- Royce Young, NBA Writer
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The order of operations in assigning blame following a Thunder loss typically goes something like this:
1. Scott Brooks
2. Scott Brooks
3. Russell Westbrook
4. Scott Brooks
5. Kendrick Perkins
6. Sam Presti trading James Harden
874. Kevin Durant
Since winning NBA Coach of the Year in 2010 after leading a group of 20-year-olds to 50 wins and a postseason berth, Brooks has steadily seen his reputation drained to a punch line. He's ripped for his commitment to veterans such as Perkins and Derek Fisher. He's ripped for the Thunder's frustratingly simple offense. He's ripped for not getting more out of two outrageously talented superstars.
But I can't shake what Durant said during his MVP speech.
"I've never met anybody like you, so selfless," Durant said to Brooks. "You don't take the credit for nothing, even though you deserve all of it."
Take Game 3 of the Western Conference finals against the Spurs. The Thunder stormed their way to an emotional 106-97 win, and the prevailing storyline was Serge Ibaka's return (and rightfully so). They appeared fixed and whole again. But within that was Brooks' shrewd move to add slashing guard Reggie Jackson to the starting five, putting more defensive pressure on the Spurs, opening up weakside options and more driving opportunities for Westbrook and Durant.
Barely went noticed.
Maybe the biggest criticism Brooks has faced in his five-plus seasons as coach is his staunch loyalty to his starting five, resisting change even when evidence suggests an adjustment may be in order. The Thunder have enjoyed remarkable consistency with their starting five since acquiring Perkins, trotting out that lineup 137 times in 165 games before this season.
This season was different. With Westbrook recovering from knee surgery and a couple of injuries to Perkins and Thabo Sefolosha, Brooks was forced to tip off 55 games without his favorite five.
Maybe because of it, Brooks' mind opened more to the idea of switching up his starters. As the Thunder headed to Memphis down 3-2 to the Grizzlies in Round 1, the storyline centered on Durant and the "Mr. Unreliable" nonsense. But Brooks tweaked his starting five, subbing the more offense-minded Caron Butler for Sefolosha. The Thunder played their two best offensive games of the series and finished the Grizzlies in seven games.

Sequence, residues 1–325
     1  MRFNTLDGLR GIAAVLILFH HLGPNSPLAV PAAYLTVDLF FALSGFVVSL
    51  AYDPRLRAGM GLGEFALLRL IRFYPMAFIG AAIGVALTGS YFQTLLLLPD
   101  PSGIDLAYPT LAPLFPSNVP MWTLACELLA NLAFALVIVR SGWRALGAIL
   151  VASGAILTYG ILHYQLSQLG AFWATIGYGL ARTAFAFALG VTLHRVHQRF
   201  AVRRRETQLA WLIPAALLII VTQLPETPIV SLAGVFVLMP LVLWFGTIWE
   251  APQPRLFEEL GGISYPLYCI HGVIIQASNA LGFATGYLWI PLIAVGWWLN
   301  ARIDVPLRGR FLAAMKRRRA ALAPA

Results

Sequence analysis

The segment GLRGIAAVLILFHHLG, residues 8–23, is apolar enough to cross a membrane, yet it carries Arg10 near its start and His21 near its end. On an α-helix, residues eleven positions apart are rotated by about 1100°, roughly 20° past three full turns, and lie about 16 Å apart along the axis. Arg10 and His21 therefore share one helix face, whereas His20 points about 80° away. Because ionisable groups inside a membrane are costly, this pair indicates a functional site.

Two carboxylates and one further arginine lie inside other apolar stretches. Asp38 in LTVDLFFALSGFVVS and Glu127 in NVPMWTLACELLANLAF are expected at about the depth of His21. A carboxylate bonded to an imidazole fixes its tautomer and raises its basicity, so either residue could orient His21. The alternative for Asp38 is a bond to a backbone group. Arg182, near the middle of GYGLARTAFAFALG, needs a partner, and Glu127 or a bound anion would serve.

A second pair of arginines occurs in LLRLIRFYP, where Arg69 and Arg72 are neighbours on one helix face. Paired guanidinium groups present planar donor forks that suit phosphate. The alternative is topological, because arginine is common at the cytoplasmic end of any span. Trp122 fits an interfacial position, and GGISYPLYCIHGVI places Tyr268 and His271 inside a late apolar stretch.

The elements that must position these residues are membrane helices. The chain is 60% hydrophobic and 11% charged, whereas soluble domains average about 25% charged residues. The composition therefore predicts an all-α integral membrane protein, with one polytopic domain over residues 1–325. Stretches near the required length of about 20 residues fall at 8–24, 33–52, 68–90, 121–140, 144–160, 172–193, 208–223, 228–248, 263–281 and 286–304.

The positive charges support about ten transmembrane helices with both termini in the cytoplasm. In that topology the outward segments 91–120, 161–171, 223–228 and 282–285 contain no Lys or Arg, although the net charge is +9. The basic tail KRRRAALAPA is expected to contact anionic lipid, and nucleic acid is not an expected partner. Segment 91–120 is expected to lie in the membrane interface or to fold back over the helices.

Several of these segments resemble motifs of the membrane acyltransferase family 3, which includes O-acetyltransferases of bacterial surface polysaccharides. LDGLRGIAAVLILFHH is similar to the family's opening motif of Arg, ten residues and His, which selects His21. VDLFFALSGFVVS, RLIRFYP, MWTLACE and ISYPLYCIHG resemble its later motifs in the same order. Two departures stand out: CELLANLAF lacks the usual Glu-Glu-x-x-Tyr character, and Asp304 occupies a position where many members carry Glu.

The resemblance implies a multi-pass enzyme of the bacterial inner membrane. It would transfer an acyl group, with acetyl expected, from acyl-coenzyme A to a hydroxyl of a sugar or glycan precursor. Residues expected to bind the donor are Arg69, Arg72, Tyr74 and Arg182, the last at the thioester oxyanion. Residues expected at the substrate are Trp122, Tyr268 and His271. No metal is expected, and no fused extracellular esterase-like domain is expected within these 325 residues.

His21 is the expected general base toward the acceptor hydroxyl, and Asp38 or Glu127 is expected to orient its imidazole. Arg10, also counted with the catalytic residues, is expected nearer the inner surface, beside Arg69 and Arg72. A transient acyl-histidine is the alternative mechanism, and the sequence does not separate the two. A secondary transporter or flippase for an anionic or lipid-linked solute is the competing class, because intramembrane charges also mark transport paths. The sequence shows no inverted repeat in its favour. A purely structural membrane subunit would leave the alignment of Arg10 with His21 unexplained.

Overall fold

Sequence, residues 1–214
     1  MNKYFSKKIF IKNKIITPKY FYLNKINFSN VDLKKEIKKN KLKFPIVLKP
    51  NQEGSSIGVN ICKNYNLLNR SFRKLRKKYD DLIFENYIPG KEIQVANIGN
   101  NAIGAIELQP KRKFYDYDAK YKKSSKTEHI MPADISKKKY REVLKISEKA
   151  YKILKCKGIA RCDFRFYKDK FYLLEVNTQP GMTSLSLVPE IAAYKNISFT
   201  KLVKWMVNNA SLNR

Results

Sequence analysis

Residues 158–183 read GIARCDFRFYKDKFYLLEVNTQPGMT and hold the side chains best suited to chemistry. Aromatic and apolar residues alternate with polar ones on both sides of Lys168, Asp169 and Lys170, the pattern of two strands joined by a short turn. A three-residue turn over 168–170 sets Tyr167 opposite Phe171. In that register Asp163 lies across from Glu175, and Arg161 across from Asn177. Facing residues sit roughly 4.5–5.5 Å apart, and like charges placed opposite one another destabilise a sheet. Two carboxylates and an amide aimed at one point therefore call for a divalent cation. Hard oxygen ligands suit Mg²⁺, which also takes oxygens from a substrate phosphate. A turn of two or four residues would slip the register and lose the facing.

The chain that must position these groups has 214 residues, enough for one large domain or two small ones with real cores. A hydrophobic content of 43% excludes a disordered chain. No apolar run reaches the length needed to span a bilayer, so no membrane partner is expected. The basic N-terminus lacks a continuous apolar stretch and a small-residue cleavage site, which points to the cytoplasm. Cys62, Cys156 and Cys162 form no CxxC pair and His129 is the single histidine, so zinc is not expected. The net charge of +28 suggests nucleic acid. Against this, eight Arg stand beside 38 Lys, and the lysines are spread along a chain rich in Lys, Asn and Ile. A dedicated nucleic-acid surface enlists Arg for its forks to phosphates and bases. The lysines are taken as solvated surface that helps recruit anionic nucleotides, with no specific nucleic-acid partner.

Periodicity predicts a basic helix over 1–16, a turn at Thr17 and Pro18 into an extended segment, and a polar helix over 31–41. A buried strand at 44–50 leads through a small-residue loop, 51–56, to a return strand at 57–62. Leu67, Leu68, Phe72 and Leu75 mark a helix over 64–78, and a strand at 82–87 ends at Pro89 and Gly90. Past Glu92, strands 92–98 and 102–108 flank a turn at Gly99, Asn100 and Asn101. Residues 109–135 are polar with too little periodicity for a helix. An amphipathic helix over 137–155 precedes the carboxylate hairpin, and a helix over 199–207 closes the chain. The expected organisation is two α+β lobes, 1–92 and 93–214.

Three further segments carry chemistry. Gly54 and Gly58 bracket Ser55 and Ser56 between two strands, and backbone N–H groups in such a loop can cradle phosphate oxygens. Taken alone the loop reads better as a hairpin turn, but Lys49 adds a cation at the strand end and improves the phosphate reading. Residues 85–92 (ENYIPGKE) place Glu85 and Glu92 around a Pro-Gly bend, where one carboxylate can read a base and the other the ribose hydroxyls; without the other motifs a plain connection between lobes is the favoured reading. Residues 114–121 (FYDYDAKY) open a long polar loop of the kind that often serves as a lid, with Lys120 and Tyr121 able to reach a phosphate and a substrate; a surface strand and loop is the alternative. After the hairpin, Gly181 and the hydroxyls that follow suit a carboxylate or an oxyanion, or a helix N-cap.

Against the Clippers in Round 2, Brooks went back to his traditional starting lineup, and stuck with it despite building criticism, especially after a disastrous Game 1 loss. But as the Thunder advanced in six games, that group was maybe the Thunder's best combination for the series, posting a net rating of plus-11.1 in 77 minutes.
Against the Spurs, Brooks was again forced to make a change, but not out of choice. Ibaka was out, and Brooks tabbed steady veteran Nick Collison to replace him. The lineup was an abject disaster the first two games, as Collison, Perkins and Sefolosha combined to score nine points in San Antonio. With the Thunder’s backs to the wall down 2-0, Brooks was handed an obvious alteration. Ibaka was back, but he resisted the urge to just pencil in the status quo, instead opting for Jackson.
"It's a major decision," Brooks said Monday on switching his starting five. "We've been successful. I get knocked as a coach that we don't make changes. ... We've won a lot of games [with that starting five]. But there's times that we have to change in a series. I think our guys have adjusted well the last two times we've done it. We might have to do it again."
Not only was the new starting five electric (150.4 points per 100 possessions), but Brooks handed mainstay Sefolosha a DNP-CD. How's that for bold?